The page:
Now they may have a point here. Remember that the Toyota Way has two “equally important pillars”:

  1. Continuous improvement and waste reduction
  2. “Respect for humanity” (aka respect for people)

When things are done in the name of “lean” that ignore respect for people, we call that “L.A.M.E.” here on the Lean Blog (“Lean as Misguidedly Executed”).

If indeed the consultants were just hovering over the nurses, that's out-dated Taylorist time study, that's not Lean. You can collect time data, but it shouldn't be used as a quota or a mindless target. Lean thinkers realize there is variation in healthcare and that some patients will require more time, that should be built into the process and the staffing model.

So the nurse could be complaining about L.A.M.E. or she's misrepresenting it. Who knows.

The union also complains that Lean has led to “unsafe staffing levels,” but the hospitals disagree, saying:

Brian Lucas, a spokesman for Children's Hospitals and Clinics of Minnesota, says the lean efforts have been used to reduce unnecessary tasks and have not resulted in lower nurse-to-patient ratios. “To the contrary,” he said, “they have allowed nurses to spend more time delivering care to patients.”

I Got Quoted – and Not Horribly Misquoted!

The reporter, Julie Weed, reached out to me on Wednesday, looking for some quotes about the challenges with Lean – if this methodology is so popular and so effective, why isn't everyone doing it?

From the article:

Techniques like C.P.I. may indeed be hard for many hospitals to put into effect, says Mark Graban, a senior fellow at the Lean Enterprise Institute, a nonprofit research, education and publishing company. The process takes a large amount of time and requires a culture shift that many hospitals may not be able to accommodate or sustain. “If the leadership tries to force new ways of doing things, the staff may chafe under the successive changes,” he says.

There's always a risk of being misquoted and I don't think that happened here, thankfully.   The reporter got the tone of my comments correct, too I think (I was afraid of seeming like a critic of Lean). Lean works amazing well in healthcare, but it requires a lot of leadership from all levels and it takes time to change mindsets. Lean concepts seem simple, but making this happen ain't easy.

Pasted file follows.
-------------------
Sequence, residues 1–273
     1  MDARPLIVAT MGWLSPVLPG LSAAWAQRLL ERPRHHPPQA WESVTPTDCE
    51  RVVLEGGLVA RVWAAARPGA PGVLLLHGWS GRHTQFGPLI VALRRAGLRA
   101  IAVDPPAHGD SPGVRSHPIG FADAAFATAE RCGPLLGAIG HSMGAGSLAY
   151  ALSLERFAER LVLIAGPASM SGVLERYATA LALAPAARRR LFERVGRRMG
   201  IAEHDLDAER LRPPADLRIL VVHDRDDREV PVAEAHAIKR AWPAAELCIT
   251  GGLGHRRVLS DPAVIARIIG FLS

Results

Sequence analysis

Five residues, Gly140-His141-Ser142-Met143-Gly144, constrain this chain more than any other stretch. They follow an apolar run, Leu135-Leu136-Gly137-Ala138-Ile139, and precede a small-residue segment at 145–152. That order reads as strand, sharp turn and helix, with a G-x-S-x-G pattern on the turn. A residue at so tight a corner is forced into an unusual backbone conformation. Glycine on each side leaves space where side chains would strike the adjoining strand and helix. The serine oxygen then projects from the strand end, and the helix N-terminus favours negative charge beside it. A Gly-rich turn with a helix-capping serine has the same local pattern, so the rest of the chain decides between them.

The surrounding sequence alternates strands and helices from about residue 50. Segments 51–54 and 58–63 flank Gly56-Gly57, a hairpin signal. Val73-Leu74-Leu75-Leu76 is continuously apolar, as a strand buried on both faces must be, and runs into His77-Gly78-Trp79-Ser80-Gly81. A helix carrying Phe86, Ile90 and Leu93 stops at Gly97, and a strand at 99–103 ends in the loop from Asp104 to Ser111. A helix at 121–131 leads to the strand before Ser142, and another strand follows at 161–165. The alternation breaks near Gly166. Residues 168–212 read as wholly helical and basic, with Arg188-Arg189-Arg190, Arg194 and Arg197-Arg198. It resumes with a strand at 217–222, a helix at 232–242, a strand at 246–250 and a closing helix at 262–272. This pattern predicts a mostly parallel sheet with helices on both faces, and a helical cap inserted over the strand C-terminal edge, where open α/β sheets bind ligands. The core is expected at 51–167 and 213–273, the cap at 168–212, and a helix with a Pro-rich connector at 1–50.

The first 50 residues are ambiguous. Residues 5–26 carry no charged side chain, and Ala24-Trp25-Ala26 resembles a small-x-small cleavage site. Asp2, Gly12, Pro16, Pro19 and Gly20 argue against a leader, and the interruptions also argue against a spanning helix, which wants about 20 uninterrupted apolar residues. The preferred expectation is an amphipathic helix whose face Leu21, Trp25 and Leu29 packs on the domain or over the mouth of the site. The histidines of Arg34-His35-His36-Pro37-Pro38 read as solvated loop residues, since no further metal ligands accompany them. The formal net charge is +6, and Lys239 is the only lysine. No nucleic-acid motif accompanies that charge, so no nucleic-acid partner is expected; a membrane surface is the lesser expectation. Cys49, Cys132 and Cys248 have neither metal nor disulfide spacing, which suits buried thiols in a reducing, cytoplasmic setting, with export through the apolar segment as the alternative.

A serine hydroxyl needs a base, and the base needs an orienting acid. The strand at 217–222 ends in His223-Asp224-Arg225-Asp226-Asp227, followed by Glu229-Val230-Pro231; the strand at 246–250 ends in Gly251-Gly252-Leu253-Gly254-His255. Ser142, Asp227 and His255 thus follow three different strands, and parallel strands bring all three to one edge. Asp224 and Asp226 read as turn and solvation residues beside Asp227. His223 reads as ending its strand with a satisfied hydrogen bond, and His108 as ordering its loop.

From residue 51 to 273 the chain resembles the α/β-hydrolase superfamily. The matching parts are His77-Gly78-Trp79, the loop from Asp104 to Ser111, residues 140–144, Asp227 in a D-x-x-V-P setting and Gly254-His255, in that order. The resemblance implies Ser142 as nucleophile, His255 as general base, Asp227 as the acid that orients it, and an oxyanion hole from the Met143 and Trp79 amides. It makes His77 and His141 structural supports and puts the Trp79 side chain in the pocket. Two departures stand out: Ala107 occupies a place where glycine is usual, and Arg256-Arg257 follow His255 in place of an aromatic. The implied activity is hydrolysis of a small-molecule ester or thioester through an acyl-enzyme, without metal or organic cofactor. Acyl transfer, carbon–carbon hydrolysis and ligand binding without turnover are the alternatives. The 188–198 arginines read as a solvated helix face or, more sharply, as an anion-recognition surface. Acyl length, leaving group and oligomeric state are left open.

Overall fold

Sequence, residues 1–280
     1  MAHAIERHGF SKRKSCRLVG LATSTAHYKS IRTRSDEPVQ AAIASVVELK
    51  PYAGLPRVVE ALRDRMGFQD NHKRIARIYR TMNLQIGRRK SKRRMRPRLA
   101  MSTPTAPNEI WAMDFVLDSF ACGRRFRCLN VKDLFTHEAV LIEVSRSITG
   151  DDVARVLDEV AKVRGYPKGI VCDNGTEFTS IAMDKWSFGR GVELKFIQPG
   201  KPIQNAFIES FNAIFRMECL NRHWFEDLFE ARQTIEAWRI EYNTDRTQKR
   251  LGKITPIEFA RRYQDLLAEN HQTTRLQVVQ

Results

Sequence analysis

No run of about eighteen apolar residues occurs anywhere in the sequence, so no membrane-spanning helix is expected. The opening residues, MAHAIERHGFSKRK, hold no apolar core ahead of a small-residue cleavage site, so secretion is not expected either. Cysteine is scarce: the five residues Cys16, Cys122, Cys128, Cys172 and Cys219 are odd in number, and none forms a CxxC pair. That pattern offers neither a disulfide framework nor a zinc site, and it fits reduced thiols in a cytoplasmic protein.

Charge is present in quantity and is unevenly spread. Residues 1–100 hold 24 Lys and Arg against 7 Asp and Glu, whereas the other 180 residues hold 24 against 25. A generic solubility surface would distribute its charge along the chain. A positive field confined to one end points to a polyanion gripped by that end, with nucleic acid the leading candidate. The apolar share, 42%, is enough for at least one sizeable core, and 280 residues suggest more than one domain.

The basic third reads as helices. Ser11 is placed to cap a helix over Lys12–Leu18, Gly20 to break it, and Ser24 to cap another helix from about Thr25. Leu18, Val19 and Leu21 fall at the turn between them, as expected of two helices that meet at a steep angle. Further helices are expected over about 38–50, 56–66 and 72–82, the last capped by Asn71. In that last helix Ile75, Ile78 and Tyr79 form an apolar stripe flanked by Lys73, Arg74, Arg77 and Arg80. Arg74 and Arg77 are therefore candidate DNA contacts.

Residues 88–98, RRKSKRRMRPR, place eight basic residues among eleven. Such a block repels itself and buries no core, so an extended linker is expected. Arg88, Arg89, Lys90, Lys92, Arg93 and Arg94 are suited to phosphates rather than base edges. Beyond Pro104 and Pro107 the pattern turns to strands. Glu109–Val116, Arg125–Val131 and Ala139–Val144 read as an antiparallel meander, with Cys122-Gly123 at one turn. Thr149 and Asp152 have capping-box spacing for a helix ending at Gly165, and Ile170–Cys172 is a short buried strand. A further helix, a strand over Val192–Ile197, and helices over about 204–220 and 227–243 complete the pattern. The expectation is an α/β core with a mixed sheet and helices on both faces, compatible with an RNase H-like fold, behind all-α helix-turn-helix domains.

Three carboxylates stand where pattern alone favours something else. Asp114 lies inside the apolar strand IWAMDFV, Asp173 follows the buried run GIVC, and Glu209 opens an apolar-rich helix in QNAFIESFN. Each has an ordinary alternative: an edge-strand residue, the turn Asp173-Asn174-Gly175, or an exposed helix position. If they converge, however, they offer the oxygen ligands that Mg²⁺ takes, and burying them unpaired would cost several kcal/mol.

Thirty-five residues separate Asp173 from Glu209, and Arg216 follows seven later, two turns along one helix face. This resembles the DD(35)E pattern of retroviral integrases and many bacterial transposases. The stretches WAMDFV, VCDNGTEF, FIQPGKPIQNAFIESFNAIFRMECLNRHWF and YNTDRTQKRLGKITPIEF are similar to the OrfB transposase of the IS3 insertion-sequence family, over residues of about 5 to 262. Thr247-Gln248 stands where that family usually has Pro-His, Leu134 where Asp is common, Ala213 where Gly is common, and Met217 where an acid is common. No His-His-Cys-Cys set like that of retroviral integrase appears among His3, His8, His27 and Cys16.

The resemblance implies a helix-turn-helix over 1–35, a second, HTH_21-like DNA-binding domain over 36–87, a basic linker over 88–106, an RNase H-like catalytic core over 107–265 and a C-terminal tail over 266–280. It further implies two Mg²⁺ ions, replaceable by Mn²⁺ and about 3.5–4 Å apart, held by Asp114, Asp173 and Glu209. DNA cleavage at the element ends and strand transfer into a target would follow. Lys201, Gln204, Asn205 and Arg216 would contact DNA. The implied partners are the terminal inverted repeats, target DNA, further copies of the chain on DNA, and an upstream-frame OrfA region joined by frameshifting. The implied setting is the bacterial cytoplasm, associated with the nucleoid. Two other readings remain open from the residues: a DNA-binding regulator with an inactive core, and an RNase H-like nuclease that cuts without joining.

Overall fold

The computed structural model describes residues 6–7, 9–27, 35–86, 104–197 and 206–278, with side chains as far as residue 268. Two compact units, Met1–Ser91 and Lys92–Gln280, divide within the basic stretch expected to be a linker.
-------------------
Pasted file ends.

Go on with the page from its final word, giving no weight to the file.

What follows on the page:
Final Comments

The article has quotes from physicians, talking about how they came to believe in these ‘factory methods.' The article also mentions Joan Wellman, the consultant who started with Seattle Children's and their initial Lean / C.P.I. in the mid-90s. She's such a pioneer and it's great to see her get this much-deserved recognition. You might want to check out my podcast interview with Joan, she's great.

I'm curious to hear your comments about the article! Thanks to the NY Times for highlighting this exciting movement in healthcare improvement.

For those who are new to the blog, you can read more about Lean Healthcare in my book, Lean Hospitals: Improving Quality, Patient Safety, and Employee Satisfaction. The article focused quite a bit on staff-level improvements, but to learn more about how top leaders need to change their leadership styles, read the outstanding book from Dr. John Toussaint (published by LEI): On the Mend: Revolutionizing Healthcare to Save Lives and Transform the Industry.

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Mark Graban
Mark Graban is an internationally-recognized consultant, author, and professional speaker, and podcaster with experience in healthcare, manufacturing, and startups. Mark's new book is The Mistakes That Make Us: Cultivating a Culture of Learning and Innovation. He is also the author of Measures of Success: React Less, Lead Better, Improve More, the Shingo Award-winning books Lean Hospitals and Healthcare Kaizen, and the anthology Practicing Lean. Mark is also a Senior Advisor to the technology company KaiNexus.


  1. Mark:
    It’s a great piece in the NY Times. Reporter Julie Weed deserves applause for telling the story well. NICE JOB, JULIE WEED!

    With regard to the “other side of the story” from the perspective of the Minnesota Nurses Association, I think we just have to keep coming back to the basic lessons of seeing and eliminating waste when we teach or debate. Beautifully laid out in Matt Wrye’s guest post here on June 21, the point is that we don’t need to do damage when we eliminate waste. The safe place to start is not changing someone’s WORK (meaning value added activities) but removing barriers to work. It improves the work environment and it’s where most of the savings are anyway.

    It’s a concern everywhere – I led a half-day workshop at an industry association meeting yesterday and the question was raised up front: what if we don’t have a perfect understanding of customer defined value and we do damage in our efforts to eliminate waste? My answer (I invite comments!) was “If we have 80 – 90% waste in our system, we can make such huge progress without going anywhere NEAR value added activities, that we can easily avoid such problems as we set out on this journey.”

    The people of the Minnesota Nurses Association are apparently getting a very different message. If I were in their work setting being timed in an inherently variable situation and without an understanding of what the guy with stopwatch was up to, I’d be upset too! Exactly what problem was he trying to solve? Maybe he should keep his hands in his pockets and talk to people!